Sunday, 6 November 2016

Ex Machina review


Ex Machina is an independent, psychological thriller made by DNA, Film4 and Universal Pictures. It was released in January 2015. In this review I will be commenting on the cast, director, writer and producer, budget, production, ethical and moral issues and my own opinion of the film. 

The cast members included Alicia Vikander (Ava), Donhnall Gleeson (Caleb Smith), Oscar Isaac (Nathan Bateman), Sonoya Mizuno (Kyoto), Symara A. Templeman (Jasmine), Elina Alminas (Amber), Gana Bayarsaikhan (Jade), Tiffany Pisano (Katya), Claire Selby (Lily) and Corey Johnson (Jay the helicopter pilot). The cast members are from all areas of the world including Dublin, Ireland,Gothenburg, Sweden, America and Japan and the UK.

The director of Ex_Machina is Alex Garland, who also wrote the film and has written films such as 28 Days Later and Never Let Me Go. Garland had the idea and foundations of the film at age 11 or 12 after he had done some basic coding and felt computers could have a mind of their own.

The producers involved in Ex_Machina were Andrew Macdonald, who has worked on film such as 28 Days Later (which Garland wrote) and Never Let Me Go where Garland wrote the screenplay. The  other producer on the film was Allon Reich who also produced 28 Weeks Later with Macdonald and Never Let Me Go.

The budget of the film was $15 million, which is a small budget compared to blockbuster films like Star Wars, which had a budget of $306 million. In box office, the film made $36.9 million.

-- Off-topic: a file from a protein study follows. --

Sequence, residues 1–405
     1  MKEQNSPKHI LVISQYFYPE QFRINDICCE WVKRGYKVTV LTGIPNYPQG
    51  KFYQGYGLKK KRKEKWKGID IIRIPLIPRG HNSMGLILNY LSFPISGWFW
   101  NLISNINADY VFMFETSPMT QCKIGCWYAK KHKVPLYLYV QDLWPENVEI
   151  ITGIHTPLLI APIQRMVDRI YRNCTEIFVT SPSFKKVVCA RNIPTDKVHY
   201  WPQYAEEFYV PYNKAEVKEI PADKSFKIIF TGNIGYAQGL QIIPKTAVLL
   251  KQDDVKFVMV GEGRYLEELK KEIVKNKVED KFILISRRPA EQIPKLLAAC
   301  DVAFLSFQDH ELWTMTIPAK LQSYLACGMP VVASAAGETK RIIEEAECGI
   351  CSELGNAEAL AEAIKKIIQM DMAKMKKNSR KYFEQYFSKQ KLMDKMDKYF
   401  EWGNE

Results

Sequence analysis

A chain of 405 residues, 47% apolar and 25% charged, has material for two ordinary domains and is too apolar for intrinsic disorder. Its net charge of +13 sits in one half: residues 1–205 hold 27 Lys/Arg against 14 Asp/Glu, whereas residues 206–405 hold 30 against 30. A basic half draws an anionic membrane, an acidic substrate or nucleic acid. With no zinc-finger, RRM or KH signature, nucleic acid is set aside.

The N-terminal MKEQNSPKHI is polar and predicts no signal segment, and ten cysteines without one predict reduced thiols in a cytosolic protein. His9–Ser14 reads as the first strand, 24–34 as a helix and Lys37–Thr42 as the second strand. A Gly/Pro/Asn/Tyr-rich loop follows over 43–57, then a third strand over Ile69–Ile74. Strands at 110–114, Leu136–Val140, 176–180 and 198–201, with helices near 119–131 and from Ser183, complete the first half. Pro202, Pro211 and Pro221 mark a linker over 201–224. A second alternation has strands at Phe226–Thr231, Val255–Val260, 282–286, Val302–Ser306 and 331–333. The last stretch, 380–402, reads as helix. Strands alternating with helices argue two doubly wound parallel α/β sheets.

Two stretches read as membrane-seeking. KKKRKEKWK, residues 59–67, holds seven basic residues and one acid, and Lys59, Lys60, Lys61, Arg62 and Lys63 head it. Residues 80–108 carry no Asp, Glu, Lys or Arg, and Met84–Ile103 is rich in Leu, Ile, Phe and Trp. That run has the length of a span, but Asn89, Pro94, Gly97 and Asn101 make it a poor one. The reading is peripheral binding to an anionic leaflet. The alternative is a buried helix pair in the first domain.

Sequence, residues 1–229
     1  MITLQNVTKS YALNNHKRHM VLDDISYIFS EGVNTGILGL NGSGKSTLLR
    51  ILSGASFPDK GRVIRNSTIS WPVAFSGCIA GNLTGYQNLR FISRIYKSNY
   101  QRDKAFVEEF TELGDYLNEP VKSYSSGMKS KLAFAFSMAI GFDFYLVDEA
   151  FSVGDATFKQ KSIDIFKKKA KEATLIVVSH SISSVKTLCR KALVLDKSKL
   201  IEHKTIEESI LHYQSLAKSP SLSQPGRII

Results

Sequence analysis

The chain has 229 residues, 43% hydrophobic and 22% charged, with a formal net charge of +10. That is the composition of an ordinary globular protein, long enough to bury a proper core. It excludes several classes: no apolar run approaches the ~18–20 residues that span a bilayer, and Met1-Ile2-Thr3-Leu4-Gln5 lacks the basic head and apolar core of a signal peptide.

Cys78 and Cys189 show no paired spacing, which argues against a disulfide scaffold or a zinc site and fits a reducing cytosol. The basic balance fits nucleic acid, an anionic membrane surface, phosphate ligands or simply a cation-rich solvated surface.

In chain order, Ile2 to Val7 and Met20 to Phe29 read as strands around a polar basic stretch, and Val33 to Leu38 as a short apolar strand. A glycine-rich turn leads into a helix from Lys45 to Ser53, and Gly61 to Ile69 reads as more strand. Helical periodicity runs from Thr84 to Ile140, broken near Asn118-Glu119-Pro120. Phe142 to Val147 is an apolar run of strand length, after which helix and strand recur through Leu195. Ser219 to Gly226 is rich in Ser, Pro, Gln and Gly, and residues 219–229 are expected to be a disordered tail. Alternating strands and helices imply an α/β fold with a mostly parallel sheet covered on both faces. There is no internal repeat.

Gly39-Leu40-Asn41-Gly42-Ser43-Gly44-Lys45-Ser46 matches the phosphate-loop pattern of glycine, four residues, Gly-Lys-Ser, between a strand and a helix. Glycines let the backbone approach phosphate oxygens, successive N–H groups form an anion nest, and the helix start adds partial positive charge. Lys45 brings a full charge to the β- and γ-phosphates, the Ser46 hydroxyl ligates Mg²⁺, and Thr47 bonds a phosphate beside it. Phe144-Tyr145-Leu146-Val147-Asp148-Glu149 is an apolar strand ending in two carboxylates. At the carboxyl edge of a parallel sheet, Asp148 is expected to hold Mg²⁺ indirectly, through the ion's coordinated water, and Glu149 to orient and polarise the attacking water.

Production of the film took place after 4 weeks of filming in Pinewood Studios and 2 weeks filming at Juvet Landscape Hotel in Valldalen, Norway. The film was shot as a live action film, and added special effects in later in the editing stages. The scenes with Ava where filmed twice, with her and without her. This allowed the cameras to pick up the background which could then be edited back in in post-production. Her hands and face were rotoscoped and the rest of her body was digitally painted out, so the background could be seen. Camera and body tracking systems where able to create a CGI version of Ava and the robot's movements could be edited. Overall, there was around 800 VFX shots and 350 of them where shots for the robots. The music was composed by Ben Salisbury who has worked on TV music and films. He was nominated for a BAFTA for working David Attenborough series The Life of Mammals and Life in the Undergrowth. He also composed a score for a documentary film Beyonce: Life Is But A Dream. Geoff Barrow was the other composer for Ex_Machina who has worked with Garland on the 2012 film Dredd.

During this film many ethical and moral questions are raised such as, is the nudity necessary? Why is it only female nudity? Does this represent Hollywood and the film industry well? What do certain cultures and religions think of this?

In my opinion I think this film is good as it grips the audience and you want to find out more and what happens to Caleb at the end. Does he escape? Can he escape? Did Ava really love him, or was it just simulated feelings? This ending is good as it leaves the audience wanting more and talking about it, however I would have liked to know what happens to Caleb. I think if the ending was different it wouldn't have such a good and thrilling impact and the audience wouldn't be as shocked. Although, I don't think the nudity was necessary to the film as this could be offensive to religions or cultures. Also it means the rating of the film is increased so a younger audience can not watch the film. 

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